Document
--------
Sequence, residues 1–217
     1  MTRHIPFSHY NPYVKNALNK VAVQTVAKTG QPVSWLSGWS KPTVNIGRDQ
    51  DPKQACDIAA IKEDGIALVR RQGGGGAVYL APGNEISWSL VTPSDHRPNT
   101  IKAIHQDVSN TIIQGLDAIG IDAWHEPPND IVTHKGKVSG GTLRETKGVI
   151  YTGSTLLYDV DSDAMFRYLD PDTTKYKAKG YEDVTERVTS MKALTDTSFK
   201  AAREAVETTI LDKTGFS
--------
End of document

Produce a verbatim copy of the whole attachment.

Sequence, residues 1–217
     1  MTRHIPFSHY NPYVKNALNK VAVQTVAKTG QPVSWLSGWS KPTVNIGRDQ
    51  DPKQACDIAA IKEDGIALVR RQGGGGAVYL APGNEISWSL VTPSDHRPNT
   101  IKAIHQDVSN TIIQGLDAIG IDAWHEPPND IVTHKGKVSG GTLRETKGVI
   151  YTGSTLLYDV DSDAMFRYLD PDTTKYKAKG YEDVTERVTS MKALTDTSFK
   201  AAREAVETTI LDKTGFS